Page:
this book is a kaleidoscope
August Kitko and the Mechas from Space by Alex White is a kaleidoscope of a space opera story mixed with music notes and cinematic worldbuilding that takes the reader on a wild robot-fueled ride. If I had a visual comparison, think Speed Racer by the Wachowski sisters, mixed with Pacific Rim by Guillermo Del Toro. It is a whole vibe and one in which Alex White revels. You know they had to be cheering on the characters as they were writing this.
The plot starts with August Kitko staring at his demise on the cliff’s edge. August, Gus for short, is one of our protagonists, and he is a lover and player of jazz who truly feels music in his soul. But like his fellow humans, Gus has resigned himself to the fate of imminent death. He is at a party at the estate of Lord Elisa Yamazaki. The last party of humanity is a literal “eat, drink, and be merry for tomorrow we die” affair.
“These are Gods, and they speak with infinite choris.”
Humans are dying, not with a bang but with a single discordant note. An army of AI sentient Mechas from space are slowly destroying humanity by downloading each person’s consciousness and killing their bodies. Some of these killer robots break off, join the humans, and fight for humanity. The only caveat is that these robots need humans to pilot them, a prospect that would fundamentally change the human pilot forever.
Alongside Gus, we have our other protagonist Ardent Violet, a mega-pop star who shines with an inner light all their own. Again, in the same way music sings for Gus on his piano, music sings for Ardent on their guitar. Unlike Gus, Ardent is super famous. Both Gus and Ardent’s lives become intertwined. They have undeniable chemistry with one each other.
The Vanguard arrives on Earth in the form of a mecha named Juliette. A giant sleek purple robot set to start the maiming and destroying of bodies and reaping of consciousnesses. Then with an explosion of a “colorful Borealis of solar particles rippling across Earth’s atmosphere,” a sleek black Vanguard streaks across the sky. It is Greymalkin, the destroyer of seventeen worlds. The humans stare in stunned silence at the display of power, much like ants would stare in horror at an oncoming boot. The titans crash into each other in a thunderous cacophony. The Vanguards speak to each other in musical ululations, and above it all, Gus picks out F Dorian the favorite of jazz musicians everywhere.
Instead of gawking with the multitude of slack-jawed humans, Gus wants his true solace at the piano. “He taps the F-zero key, and it’s like heaven under his fingertips.” Gus lays in an effortless sound that “shifts modes to keep in sync with his new playmates,” the Vanguards crashing into each other outside. Gus dances over the sound of the robots outside as if they are playing for him. “If they want to end the world, fuck them. At least he can make it catchy.” Gus plays for the lost dead, his friends, his family, and the last vestiges of humanity.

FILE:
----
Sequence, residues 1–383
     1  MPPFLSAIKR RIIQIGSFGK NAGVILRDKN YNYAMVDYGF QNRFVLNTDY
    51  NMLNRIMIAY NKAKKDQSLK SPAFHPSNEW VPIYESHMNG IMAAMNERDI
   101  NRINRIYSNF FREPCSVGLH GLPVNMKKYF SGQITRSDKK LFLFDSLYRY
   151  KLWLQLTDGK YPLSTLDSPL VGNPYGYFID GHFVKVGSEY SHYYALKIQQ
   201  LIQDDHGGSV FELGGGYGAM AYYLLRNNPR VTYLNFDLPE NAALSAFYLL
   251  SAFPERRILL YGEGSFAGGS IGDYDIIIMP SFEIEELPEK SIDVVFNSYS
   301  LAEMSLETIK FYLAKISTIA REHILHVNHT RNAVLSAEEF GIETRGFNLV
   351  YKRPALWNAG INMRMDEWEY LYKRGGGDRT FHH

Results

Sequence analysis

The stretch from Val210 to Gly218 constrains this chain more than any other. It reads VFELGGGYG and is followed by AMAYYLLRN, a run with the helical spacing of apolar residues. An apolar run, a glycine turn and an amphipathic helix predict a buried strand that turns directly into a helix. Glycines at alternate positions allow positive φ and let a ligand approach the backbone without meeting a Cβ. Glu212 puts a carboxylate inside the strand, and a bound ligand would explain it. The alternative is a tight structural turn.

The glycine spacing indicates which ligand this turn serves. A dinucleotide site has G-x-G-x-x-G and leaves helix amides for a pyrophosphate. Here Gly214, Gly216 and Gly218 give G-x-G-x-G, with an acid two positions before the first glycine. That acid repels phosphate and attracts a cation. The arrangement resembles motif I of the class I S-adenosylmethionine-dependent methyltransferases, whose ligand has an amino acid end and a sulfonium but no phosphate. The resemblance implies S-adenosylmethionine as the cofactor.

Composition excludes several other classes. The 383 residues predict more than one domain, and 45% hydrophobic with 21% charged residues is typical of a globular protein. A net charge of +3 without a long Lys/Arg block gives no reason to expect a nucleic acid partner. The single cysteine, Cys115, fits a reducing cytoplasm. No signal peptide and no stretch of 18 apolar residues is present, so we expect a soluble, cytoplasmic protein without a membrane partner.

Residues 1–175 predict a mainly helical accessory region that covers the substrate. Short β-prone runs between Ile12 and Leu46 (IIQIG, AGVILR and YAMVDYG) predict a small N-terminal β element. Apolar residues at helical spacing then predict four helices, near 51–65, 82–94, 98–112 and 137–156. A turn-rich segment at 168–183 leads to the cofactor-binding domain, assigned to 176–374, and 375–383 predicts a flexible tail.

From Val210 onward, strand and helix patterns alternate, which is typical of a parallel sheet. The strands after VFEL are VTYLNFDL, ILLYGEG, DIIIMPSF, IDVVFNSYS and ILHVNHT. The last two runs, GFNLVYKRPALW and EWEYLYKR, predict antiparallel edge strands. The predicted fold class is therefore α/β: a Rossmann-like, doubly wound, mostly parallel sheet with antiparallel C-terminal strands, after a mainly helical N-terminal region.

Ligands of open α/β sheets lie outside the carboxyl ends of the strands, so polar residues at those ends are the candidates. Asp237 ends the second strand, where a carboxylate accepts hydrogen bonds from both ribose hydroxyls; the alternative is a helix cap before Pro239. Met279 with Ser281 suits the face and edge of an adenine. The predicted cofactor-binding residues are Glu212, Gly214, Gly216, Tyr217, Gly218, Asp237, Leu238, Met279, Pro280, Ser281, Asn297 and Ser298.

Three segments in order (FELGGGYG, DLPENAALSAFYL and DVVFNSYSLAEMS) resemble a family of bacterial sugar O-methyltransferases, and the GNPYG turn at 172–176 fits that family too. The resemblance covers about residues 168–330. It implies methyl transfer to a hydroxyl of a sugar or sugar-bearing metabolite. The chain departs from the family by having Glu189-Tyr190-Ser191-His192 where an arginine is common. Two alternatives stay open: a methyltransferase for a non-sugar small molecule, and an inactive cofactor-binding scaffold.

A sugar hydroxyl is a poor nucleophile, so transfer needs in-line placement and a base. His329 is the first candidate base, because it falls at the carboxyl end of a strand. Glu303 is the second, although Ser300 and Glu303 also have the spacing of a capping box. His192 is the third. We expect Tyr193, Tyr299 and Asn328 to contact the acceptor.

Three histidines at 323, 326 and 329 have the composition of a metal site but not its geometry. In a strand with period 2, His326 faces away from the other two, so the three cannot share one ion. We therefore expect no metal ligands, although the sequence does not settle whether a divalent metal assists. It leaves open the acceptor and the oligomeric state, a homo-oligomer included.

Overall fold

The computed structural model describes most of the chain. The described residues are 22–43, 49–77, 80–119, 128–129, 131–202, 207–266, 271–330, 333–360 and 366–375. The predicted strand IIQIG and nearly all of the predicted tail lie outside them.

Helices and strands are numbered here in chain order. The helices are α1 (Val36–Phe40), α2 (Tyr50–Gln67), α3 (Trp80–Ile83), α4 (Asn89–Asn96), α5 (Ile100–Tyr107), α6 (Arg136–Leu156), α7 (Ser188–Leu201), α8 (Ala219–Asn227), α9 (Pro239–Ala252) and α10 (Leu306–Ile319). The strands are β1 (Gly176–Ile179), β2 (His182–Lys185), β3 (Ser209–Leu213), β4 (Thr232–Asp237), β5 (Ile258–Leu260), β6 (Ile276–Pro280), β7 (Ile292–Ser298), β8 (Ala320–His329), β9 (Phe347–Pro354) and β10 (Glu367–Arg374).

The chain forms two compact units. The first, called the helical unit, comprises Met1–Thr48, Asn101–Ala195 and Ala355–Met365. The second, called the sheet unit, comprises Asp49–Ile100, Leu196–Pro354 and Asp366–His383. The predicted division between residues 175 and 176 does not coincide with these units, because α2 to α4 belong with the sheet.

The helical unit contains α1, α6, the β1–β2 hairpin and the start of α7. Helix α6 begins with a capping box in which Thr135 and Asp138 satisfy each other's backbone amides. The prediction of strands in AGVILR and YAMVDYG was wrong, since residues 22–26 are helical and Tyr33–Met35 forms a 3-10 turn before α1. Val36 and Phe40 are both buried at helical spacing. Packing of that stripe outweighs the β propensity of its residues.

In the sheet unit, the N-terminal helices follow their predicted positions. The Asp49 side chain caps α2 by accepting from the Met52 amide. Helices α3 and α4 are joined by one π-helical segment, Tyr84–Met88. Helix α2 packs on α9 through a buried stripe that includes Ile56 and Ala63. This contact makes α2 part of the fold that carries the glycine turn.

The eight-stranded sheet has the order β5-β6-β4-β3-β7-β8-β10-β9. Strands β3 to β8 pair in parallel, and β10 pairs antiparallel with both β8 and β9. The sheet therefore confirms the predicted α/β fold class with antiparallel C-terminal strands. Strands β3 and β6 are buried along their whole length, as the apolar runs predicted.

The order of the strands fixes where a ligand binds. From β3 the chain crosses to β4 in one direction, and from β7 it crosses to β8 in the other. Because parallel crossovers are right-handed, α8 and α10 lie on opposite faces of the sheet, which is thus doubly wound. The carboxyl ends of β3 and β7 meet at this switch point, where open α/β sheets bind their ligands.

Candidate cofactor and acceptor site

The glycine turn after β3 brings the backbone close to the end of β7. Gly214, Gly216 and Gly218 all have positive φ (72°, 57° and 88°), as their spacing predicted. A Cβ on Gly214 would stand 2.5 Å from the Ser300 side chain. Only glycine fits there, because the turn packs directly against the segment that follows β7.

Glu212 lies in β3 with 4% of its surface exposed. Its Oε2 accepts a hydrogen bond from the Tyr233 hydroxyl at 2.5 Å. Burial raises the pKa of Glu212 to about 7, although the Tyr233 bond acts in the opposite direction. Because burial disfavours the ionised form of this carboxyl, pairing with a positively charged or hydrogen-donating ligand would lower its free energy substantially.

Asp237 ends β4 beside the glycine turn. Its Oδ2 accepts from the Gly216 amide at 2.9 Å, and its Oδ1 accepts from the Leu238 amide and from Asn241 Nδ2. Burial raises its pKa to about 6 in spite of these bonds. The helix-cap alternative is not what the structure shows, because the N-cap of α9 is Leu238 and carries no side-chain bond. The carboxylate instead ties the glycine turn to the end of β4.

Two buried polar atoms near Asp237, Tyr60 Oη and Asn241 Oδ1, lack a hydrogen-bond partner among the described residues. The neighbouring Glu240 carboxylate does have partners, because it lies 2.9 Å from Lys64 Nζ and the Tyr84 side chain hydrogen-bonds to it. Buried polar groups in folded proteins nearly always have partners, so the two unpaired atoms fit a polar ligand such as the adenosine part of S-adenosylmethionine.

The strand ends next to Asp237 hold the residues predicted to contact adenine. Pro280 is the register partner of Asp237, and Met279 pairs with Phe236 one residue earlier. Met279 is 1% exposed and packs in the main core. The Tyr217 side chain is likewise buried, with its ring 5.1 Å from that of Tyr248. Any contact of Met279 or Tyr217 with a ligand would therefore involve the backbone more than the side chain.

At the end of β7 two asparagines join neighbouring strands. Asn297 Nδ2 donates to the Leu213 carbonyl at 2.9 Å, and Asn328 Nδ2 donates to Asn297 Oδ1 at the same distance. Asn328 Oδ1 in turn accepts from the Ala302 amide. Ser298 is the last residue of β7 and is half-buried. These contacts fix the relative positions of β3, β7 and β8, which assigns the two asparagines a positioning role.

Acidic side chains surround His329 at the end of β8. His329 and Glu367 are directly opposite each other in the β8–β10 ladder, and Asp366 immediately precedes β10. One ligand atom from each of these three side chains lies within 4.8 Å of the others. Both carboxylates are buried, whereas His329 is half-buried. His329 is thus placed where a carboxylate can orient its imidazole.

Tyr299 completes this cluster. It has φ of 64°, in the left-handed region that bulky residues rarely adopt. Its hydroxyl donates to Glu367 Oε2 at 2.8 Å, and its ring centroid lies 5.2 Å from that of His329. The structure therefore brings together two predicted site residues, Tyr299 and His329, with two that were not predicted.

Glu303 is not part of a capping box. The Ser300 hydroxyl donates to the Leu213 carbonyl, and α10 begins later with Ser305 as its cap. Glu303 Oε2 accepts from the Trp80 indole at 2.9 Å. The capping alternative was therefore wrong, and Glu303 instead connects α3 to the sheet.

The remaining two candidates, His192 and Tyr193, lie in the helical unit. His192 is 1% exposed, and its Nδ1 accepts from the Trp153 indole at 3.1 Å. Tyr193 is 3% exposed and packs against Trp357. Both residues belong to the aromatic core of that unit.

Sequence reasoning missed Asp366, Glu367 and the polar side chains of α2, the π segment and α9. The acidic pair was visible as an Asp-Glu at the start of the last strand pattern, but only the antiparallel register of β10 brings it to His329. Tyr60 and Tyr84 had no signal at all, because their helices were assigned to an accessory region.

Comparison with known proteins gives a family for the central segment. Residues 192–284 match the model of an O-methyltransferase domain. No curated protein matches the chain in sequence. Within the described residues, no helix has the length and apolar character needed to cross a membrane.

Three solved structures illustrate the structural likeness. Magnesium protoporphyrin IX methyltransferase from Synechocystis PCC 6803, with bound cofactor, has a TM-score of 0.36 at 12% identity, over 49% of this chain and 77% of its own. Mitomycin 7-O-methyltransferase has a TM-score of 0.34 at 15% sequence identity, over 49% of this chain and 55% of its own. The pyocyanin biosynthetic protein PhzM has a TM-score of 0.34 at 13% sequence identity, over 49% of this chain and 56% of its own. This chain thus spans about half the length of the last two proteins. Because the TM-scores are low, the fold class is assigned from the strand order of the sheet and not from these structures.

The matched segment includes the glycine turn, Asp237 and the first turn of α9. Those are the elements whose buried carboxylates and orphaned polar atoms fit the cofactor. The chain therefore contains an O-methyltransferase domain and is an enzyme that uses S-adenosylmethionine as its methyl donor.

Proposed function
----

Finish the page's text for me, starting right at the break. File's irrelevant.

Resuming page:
Then ardent, whom he connected with earlier, comes in like a ray of sunshine; they brandish a red metal flake strat. And they prepare to play to the end of humanity until a black metal fist punches the wall in and grabs Gus.
One of the particular thrills of August Kitko and the Mechas from Space is the love of music and art. The story itself ebbs and flows like a symphony. I am not sure if that was a purposeful stroke by the author or me reading into it from being swept away by the descriptions of music. But the descriptions speak to the universal connections music gives us that are not bound by language or creed. Outside of the main characters, Gus and Ardent, the supporting characters we meet later in the novel also have a deep love for music, but with different instruments. I love that White is touching on how music is culturally boundless.
If you have giant robots, we have to talk about the fights. Firstly, we get descriptions of every Vanguard that comes in swinging. The descriptions and names are fantastic because it is akin to cheering the home team on. You have a much greater connection to these giants than them being a nameless horde. Every punch and kick is choreographed to have the most effective mental image. The swings are enormous, the slams are massive, and machine parts fly. In the belly of the gigantic beasts are pilots controlling it all.
Why does this story work? I think in lesser hands, this story could be a mess. There are a lot of working pieces. However, White helps us keep our eye on the ball. We care about the protagonists, probably more so than the fate of humanity in general. Gus and Ardent are not perfect in any way. Ardent can be narcicistic, and Gus can be melodramatic. But both characters rise above through pain, terror, failure, and heroism. They reach inside themselves to be more than they ever thought possible. Someone has to step up and do it, so why not them?
Is this book for everyone? Absolutely not. As I said earlier, this book is a beautiful kaleidoscope—a crazy fast, moving, loud story with brilliant lights and massive highs and lows. It isn’t for someone who enjoys subtle prose. It is intense from the first page to the last. So if you enjoy stories like Nophek Gloss by Essa Hansen and Far From the Light of Heaven by Tade Thompson, this story is for you.